Myths vs Realty
We all receive it, the advice filled with good intentions. Be it tips on how to negotiate on an offer to how to price your home. The reality is that a buyer or seller benefits most with the recommendations from their local real estate professional. No book, relative or friend has the knowledge or tools that relate directly to the specific market trends, customs and practices that directly influence your community/property.
There are myths on how to approach varied aspects of the real estate process as well as the reality of a result driven choice.
I’ll make a low offer with hopes of meeting the seller half way on the price. After the value of the home has been affirmed with comparable home research the proper price position of the home becomes evident. In the case that the home is on the market for a correct price an offer that is really low may end up offending the seller. Instead of the spirit of negotiating the seller may hold firm to the list price or even refuse to respond. The attempt to negotiate half way now has dampened the attitude of the seller and a defensive position may be the result.
I’ll price my home high so it will appear that I have negotiated off more on my price. The reality is with an overpriced home a seller generally misses opportunity. The home is out of the competitive position and will be overlooked. Additional days on market may stack up and with that becomes a lessened negotiated position. Best opportunity is to have the home positioned correct so that it is one of the stand outs in a price range. This creates some strong interest possibly multiple offers and can result in receiving top dollar for your home. An overpriced home may give the buyer perception of what is wrong with the property that has sat unnoticed due to overzealous pricing instead of appreciating all the things that are right about it.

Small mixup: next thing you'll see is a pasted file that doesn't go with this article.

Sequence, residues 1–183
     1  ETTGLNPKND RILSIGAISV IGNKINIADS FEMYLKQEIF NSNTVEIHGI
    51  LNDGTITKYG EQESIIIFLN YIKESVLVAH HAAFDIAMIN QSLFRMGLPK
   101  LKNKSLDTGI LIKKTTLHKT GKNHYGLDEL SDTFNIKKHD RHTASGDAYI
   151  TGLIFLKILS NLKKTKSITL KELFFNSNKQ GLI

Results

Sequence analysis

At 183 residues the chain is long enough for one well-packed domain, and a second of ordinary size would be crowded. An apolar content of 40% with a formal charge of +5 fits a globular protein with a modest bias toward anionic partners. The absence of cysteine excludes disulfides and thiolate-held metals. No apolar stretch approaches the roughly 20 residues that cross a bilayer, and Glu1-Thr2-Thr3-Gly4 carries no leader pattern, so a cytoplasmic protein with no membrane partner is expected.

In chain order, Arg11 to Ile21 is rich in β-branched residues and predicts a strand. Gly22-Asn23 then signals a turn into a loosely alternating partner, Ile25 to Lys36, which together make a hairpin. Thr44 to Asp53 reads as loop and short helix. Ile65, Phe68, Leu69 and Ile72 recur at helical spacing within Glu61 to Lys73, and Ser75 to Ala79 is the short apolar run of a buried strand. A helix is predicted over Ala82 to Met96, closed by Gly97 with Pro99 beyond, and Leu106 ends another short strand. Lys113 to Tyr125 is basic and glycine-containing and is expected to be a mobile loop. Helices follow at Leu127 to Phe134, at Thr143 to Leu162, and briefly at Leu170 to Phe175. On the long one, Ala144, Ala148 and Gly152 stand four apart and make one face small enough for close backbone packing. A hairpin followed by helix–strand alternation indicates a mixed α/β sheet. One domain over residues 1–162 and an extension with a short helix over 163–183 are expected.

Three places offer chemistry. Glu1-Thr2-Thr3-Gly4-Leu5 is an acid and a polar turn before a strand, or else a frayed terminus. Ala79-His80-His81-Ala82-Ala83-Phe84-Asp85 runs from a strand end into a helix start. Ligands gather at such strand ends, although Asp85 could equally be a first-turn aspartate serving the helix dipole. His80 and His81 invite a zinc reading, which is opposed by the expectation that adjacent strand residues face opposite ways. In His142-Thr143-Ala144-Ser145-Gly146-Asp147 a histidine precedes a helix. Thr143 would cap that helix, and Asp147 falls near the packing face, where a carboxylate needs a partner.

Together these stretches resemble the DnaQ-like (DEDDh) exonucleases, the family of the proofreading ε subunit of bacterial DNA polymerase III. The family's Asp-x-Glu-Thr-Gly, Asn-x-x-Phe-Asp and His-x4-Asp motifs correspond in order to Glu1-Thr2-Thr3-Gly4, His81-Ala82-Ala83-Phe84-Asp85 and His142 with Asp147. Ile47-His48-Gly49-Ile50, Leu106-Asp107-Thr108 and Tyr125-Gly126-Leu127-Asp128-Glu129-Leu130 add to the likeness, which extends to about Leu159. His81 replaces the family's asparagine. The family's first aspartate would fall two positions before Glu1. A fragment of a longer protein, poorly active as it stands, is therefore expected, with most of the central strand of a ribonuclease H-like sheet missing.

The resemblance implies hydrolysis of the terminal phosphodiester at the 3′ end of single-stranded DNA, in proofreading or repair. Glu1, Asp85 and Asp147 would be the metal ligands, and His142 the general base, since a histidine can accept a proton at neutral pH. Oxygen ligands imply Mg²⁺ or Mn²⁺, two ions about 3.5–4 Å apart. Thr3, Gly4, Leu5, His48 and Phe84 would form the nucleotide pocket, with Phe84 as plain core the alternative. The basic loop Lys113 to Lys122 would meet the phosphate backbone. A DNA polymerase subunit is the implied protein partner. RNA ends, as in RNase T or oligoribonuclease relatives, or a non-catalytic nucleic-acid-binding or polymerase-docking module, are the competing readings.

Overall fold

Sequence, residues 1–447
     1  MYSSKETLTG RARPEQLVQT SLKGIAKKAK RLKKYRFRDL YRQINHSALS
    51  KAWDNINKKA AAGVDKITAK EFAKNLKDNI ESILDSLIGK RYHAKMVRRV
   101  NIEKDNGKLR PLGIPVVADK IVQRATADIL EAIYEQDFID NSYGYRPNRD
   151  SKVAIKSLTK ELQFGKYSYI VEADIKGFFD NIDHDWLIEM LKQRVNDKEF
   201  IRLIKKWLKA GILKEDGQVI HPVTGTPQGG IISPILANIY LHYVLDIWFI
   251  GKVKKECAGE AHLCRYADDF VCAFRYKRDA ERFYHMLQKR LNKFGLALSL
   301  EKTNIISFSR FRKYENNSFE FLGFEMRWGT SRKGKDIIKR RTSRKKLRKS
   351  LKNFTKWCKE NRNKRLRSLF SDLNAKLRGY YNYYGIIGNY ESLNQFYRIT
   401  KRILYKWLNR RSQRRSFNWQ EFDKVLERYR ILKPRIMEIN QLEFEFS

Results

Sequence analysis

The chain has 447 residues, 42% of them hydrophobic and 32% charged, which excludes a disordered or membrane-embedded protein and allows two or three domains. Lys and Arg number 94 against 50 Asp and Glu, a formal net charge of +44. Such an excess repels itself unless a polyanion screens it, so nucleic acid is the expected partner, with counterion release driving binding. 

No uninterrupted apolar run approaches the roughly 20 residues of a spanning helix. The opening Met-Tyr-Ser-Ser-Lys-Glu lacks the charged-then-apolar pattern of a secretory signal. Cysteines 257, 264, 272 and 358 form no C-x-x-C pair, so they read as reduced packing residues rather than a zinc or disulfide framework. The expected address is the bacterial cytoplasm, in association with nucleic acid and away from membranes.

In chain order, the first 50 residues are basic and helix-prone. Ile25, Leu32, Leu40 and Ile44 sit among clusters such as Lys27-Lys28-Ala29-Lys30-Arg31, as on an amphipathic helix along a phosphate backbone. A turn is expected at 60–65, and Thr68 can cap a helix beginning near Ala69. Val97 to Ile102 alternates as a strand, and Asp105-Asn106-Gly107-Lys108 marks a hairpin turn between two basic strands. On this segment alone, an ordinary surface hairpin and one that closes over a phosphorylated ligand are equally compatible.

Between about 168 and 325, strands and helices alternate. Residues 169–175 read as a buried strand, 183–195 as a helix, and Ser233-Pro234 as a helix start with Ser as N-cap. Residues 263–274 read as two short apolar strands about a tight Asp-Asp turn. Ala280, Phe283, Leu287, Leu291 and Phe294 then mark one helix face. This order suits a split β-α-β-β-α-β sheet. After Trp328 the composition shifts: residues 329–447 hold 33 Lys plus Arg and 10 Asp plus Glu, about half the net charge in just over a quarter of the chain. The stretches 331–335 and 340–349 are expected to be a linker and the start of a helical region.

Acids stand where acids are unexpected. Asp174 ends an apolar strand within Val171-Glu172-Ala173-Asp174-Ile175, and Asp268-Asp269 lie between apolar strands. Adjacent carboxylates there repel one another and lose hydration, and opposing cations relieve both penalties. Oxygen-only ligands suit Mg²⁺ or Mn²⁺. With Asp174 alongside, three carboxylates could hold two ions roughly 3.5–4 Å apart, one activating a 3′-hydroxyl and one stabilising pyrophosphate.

The buyer can see past this problem. Stained/worn nasty carpet, personalized paint tones, deferred maintenance – all spell out buyer objection and ends up costing the seller much more than the actual dollars to correct. There is a very true statement … Price cures all. If a home has varied obstacles as referenced, there will be a buyer for the home. It just comes down to the price. Problems/obstacles create buyer resistance and perception. Stained carpets become in the buyer’s mind that the home has not been maintained well. The seller must not have taken care of it which in turn results into much lower price than the actual cost to replace the flooring. Not all buyers can see past cosmetics and will not give the home a second consideration. The end result generally is additional days on market, much lower on the achieved price and lost momentum on your property.
To avoid the pitfalls in the process of purchasing or marketing your home, one should enlist the local real estate professional